To facilitate the insertion of a termination codon, use was made of a convenient, unique restriction site (BalI) at position 463 (GST initiation codon is at position 258) to create a blunt-ended DNA molecule. Into this site was cloned a 12-mer XbaI phosphorylated linker (Promega Corporation) which would introduce the “in frame” termination codon, to create the vector pGEX STOP. This vector has been deposited under the terms of the Budapest Treaty with the Australian Government Analytical Laboratory, Pymble, New South Wales, Australia, and given accession number NM01/19536.
To allow expression of a protein coding for HPV 16 early genes E6 and E7 in pGEX STOP these E6 and E7 sequences were removed from pDS56 (Roche), in addition to upstream sequences containing a RBS, by cleavage with EcoRI and HindIII (which was then blunted) and inserted into polylinker sites EcoRI/SmaI in the vector pGEX STOP. Expression of the E6/E7 fusion protein in this system resulted in a significant improvement in protein production over that obtained from the Roche pDS56 vector system.
Further details of the present invention are illustrated by way of example only, in the following Example and in the accompanying Figures.
In the Figures:
FIG. 1 shows the preparation of the expression vector pGEX STOP (FIGS. 1a to 1 c, SEQ ID No: 12), and insertion of a RBS and HPV16 E6 and E7 sequences (FIGS. 1d to 1 f).
FIGS. 2 and 3 show expression of the E6/E7/His6 fusion protein (approx. 36 kDa) in the three different systems pDS56 (Roche), pGEX-4T-1 (AMRAD/Pharmacia) and pGEX STOP, respectively.
FIG. 4 shows expression quantities of E6/E7/His6 fusion proteins in three different systems pDS56, pGEX STOP2 and pET23b.
(i) Insertion of a termination codon into the GST coding sequence of pGEX-4T-1.
Use was made of a unique BalI site 205 base pairs downstream from the GST initiation codon of pGEX-4T-1 (AMRAD/Pharmacia) (FIG. 1a). Cleavage at this site created a blunt-ended molecule (FIG. 1b) into which was cloned a 12-mer Xbal phosphorylated linker supplied by Promega Corporation (SEQ ID No: 11) (5′TGCTCTAGAGCA3′) (FIG. 1c). This introduced an Xbal site into pGEX-4T-1 where previously none was present and hence cleavage by Xbal indicated successful incorporation of the linker into the pGEX-4T-1 sequence to create the vector pGEX STOP.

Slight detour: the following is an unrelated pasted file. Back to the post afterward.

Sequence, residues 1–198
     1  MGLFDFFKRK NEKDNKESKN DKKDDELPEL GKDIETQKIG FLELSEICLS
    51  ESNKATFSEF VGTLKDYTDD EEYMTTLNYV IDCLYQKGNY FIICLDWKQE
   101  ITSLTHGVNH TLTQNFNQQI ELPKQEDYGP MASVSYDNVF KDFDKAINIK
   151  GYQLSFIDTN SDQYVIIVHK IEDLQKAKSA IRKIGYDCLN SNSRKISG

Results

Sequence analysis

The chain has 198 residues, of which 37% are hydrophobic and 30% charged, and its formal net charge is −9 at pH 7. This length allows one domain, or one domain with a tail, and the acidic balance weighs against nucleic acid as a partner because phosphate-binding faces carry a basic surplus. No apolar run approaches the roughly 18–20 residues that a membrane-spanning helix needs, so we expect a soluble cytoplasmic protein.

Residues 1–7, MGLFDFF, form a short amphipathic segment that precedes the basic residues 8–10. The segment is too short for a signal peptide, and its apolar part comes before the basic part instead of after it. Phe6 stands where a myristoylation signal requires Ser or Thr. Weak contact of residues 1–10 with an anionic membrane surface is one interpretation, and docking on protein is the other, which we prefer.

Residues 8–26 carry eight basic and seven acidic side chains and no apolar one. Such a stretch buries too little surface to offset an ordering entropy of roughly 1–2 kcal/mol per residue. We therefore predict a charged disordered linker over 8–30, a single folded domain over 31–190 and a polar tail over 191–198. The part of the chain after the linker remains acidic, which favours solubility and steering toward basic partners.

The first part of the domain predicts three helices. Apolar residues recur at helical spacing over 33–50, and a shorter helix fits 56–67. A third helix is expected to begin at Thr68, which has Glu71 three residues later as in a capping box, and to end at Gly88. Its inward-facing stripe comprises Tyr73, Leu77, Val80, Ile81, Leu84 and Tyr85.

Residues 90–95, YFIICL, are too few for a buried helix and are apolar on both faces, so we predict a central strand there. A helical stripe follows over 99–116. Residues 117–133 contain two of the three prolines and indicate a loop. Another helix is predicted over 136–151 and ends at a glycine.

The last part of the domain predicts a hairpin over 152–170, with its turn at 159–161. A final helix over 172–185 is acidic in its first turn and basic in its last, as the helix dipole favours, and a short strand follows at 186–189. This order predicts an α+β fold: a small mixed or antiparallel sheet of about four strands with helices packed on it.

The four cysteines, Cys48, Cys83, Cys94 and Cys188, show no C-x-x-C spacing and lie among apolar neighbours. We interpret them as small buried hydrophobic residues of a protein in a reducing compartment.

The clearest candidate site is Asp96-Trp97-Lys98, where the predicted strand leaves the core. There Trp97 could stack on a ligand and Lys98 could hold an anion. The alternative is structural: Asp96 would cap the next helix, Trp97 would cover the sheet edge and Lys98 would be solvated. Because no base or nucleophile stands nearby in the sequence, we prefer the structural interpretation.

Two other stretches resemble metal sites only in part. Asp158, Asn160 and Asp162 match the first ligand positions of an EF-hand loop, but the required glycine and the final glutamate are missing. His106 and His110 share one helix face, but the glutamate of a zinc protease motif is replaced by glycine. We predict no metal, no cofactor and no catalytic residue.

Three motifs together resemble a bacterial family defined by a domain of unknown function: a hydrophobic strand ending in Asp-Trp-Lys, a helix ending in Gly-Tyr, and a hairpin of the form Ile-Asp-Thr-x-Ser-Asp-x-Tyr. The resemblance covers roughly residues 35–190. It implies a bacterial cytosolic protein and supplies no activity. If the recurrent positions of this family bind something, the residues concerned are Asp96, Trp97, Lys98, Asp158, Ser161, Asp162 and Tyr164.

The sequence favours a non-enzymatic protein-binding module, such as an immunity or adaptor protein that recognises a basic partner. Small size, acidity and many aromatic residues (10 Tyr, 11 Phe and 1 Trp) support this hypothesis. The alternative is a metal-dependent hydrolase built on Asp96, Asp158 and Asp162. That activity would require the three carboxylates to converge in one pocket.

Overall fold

The linker sequence provided an in-frame termination codon (TAG) which would cause the GST protein to be truncated at this point (FIG. 1e).
(ii) Introduction of a RBS upstream of the foreign gene.
To allow expression of a foreign gene inserted into the multiple cloning site of pGEX, a ribosome binding site (RBS) sequence was introduced upstream of an initiation codon. This was achieved by removing a cassette containing the RBS sequence (AGGAG), HPV16 E6 and E7 sequences fused in-frame and a polyhistidine sequence from pDS56 (Roche) (EcoRI/HindIII fragment) for insertion via intermediate cloning steps into the EcoRI/SalI sites of pGEX-4T-1 (FIG. 1d), thus allowing production of an E6/E7/His6 fusion protein from pGEX STOP (FIG. 1f).
(iii) Expression of an E6/E7/His6 fusion protein.
Protein levels produced by three different systems were compared: E6/E7/His6 from pDS56 (Roche), GST/E6/E7/His6 from pGEX-4T-1 (AMRAD/Pharmacia) and E6/E7/His6 from pGEX STOP. In each of these systems transcription is controlled by the IPTG inducible tac promoter.
Plasmid DNA was transformed into appropriate E.coli strains (SG13009 and MI5 for pDS56 , TOPP2 or BL21 for pGEX-4T-1 and pGEX STOP) and cultures grown, with samples obtained three hours post-induction for analysis in SDS-PAGE and either Coomassie Blue staining or Western blotting with an anti-E7 antibody.
B. Materials and Methods
Cloning and expression of GST/E6/E7/His6 fusion protein.
In order to prepare a molecule consisting of HPV-16 E6 and E7 sequences as an “in-frame” fusion, a clone of HPV-16 DNA containing both E6 and E7 genomic sequences was used as the template for separate PCR amplification of E6 and E7 using oligonucleotides:
(i) for E6 :
(a) (5′)CGCTCGAGAGATCTCATATGCACCAAAAGAGAACTGC(3′) (SEQ ID NO:1) and
(b) (5′)CGCCCGGGCAGCTGGGTTTCTCTACGTG(3′) (SEQ ID NO:2); and
(ii) for E7 :
(c) (5′)CGCCCGGGATGCATGGAGATACACCTACATTGCATG(3′) (SEQ ID NO:3) and